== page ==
Gracias por este trabajo de investigación.

A lo largo y ancho del mundo se encuentran cultivos sorprendentes, que solo son posibles a la necesidad o la obstinación humana.

En las isla de Lanzarote, España, es posible el cultivo de la vid y de otros cultivos a pozas o defensas y las practicas que se aplican.


Vicente Cucala

Josh S.

Great article!

Dave Bross

This may be VERY important info in the near future. We’re headed into a Grand Solar Minimum, an event every 400 years that leads to much colder climate everywhere for a while.

For those not familiar, Curtis Stone is a young Canadian market gardener who has been very generous with all the info that made his operation work well, and most of it is up on Youtube. Here’s his video looking into what’s coming weather-wise:

Also….many thanks for this article. Excellent work!


Concerning the selection for cold hardiness and Lyssenko, there is a guy in France, Poots, that tried and succeeded in selecting tomatoes and many other vegetables to drought.

I am using his seeds and they do work (I cultivated leek without any watering after plantation during the driest summer ever reoorded here.

I think you can explain the fact that he succeded by selection of certain characters (there is a great variety of them in the seeds we buy if they are not hybrid). He was carefull to start from old varieties, some of them coming from St petersburg depository. But another explanation is epigenetics and that is something that was not known a few decades ago.


I’m from the former Soviet Union. And I’d like to say that more than half of tech info in soviet magazines, newspapers, and books had a very small relation to reality. I never saw a grapefruit till 90th. Inventors got their patents and even got some money for inventions, but most of that inventions were buried in tables of bureaucrats. Because from Stalin’s times we knew very clearly: Western goods are better and we should copy-paste it, as Chinese do nowadays.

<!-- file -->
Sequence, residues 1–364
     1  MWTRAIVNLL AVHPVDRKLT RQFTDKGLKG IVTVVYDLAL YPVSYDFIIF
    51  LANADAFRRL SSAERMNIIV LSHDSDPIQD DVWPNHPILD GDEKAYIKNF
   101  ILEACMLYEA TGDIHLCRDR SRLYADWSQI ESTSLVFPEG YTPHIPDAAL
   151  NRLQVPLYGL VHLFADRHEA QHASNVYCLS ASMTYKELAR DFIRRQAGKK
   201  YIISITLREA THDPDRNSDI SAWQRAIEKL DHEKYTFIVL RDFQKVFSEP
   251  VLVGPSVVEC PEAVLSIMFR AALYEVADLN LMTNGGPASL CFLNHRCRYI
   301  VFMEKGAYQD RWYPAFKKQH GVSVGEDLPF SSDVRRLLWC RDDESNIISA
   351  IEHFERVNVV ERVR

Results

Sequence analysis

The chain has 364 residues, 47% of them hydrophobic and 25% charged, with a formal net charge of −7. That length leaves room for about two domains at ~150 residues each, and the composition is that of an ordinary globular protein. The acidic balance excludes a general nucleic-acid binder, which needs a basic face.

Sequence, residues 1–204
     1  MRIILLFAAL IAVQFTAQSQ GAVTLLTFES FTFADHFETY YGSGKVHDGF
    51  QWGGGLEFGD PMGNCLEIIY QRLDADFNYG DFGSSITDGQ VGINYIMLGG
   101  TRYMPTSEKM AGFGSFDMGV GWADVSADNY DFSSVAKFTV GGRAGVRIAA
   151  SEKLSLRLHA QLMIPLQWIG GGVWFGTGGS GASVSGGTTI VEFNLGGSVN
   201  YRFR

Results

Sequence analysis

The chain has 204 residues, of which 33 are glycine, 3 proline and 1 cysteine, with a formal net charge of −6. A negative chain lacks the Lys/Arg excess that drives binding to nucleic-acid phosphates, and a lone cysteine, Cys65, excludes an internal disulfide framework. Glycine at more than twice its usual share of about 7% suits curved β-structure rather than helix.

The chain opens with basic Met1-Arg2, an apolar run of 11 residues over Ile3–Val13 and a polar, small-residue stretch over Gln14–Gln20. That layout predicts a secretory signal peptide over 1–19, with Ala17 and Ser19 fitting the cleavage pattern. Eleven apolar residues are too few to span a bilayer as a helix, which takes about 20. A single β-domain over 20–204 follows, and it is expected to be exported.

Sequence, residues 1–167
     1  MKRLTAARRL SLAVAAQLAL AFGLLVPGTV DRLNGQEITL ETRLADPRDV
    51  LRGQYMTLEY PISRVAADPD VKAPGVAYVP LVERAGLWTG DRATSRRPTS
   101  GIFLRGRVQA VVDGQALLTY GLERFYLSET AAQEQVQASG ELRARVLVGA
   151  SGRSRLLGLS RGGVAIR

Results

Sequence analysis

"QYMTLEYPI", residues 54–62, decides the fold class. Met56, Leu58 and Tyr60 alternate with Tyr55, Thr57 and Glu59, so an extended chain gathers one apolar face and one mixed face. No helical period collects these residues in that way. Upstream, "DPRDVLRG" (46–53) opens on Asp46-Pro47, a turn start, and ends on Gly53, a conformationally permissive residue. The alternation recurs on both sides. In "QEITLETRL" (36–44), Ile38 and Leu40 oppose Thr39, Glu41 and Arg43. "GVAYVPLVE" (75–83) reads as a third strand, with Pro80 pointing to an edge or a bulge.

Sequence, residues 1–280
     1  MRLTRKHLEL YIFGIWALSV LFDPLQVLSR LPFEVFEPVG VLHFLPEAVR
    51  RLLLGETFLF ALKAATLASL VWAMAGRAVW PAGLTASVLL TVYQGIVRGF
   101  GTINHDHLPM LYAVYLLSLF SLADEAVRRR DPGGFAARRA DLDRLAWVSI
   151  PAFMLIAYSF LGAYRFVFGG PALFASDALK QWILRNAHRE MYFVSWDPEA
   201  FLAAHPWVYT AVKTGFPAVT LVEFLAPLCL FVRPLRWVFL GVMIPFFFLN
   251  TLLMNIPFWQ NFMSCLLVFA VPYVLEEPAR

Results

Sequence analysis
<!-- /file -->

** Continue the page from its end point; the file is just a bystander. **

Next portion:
I wish I could buy the dwarf citrus seeds robust to cold area


Can you grow winter vegetables in climates that are too cold in winter for it using these methods?

Michael Saalfeld

Some ten years ago I came across reports that similar methods for growing citrus were used in Hungary in the communist era. I wrote about this in an old citrus growers forum post which I called ‘The Communist Oranges of Hungary. Still available at

The pictures were adapted from a publication in Hungarian shown at

Apparently ‘Magyar narancs’ (Hungarian Oranges) is still used in Hungary as an expression meaning ‘an impossible task’ or ‘a stupid enterprise which will doubtless fail’!

Grant Scarboro

Perhaps this can be used in western countries to grow oil palms? If so, a lot of deforestation might be prevented.


Some interesting comments & extra info @ metafilter



I have a question about this way to cultivate citrus plants:

-how do they deal with rainwater, because i can imagine that in Switzerland for example where there is sometimes lots of rain, the tranches could simply get full of whater, or be to humid for the trees….

Thanks a lot for this very inspiring article and I would be happy to hear from you,



I’d like to observe that Michurinsk isn’t anywhere near the cultivation regions shown on the supplied map. None of the photographic evidence provided by this article points to successful citrus cultivation that far north. Odessa and New Athos are on the Black Sea coast, Tashkent is inland at a similar latitude, mean average temperatures there are apparently only just below freezing.

The paper supplied notes that Soviet citrus production was not, in fact, meeting demand, contrary to what the headings imply. I suspect you’ve been duped by the Soviet Union’s tendency to exaggerate its successes, and downplay its failures.